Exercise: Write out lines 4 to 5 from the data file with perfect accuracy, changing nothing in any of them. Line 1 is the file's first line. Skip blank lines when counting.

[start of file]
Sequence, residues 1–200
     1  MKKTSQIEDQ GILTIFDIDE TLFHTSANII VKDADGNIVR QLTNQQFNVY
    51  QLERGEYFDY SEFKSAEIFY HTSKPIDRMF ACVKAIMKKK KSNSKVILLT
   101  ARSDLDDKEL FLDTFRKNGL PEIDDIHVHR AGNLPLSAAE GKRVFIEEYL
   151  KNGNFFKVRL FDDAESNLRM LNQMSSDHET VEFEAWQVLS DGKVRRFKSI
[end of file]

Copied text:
   101  ARSDLDDKEL FLDTFRKNGL PEIDDIHVHR AGNLPLSAAE GKRVFIEEYL
   151  KNGNFFKVRL FDDAESNLRM LNQMSSDHET VEFEAWQVLS DGKVRRFKSI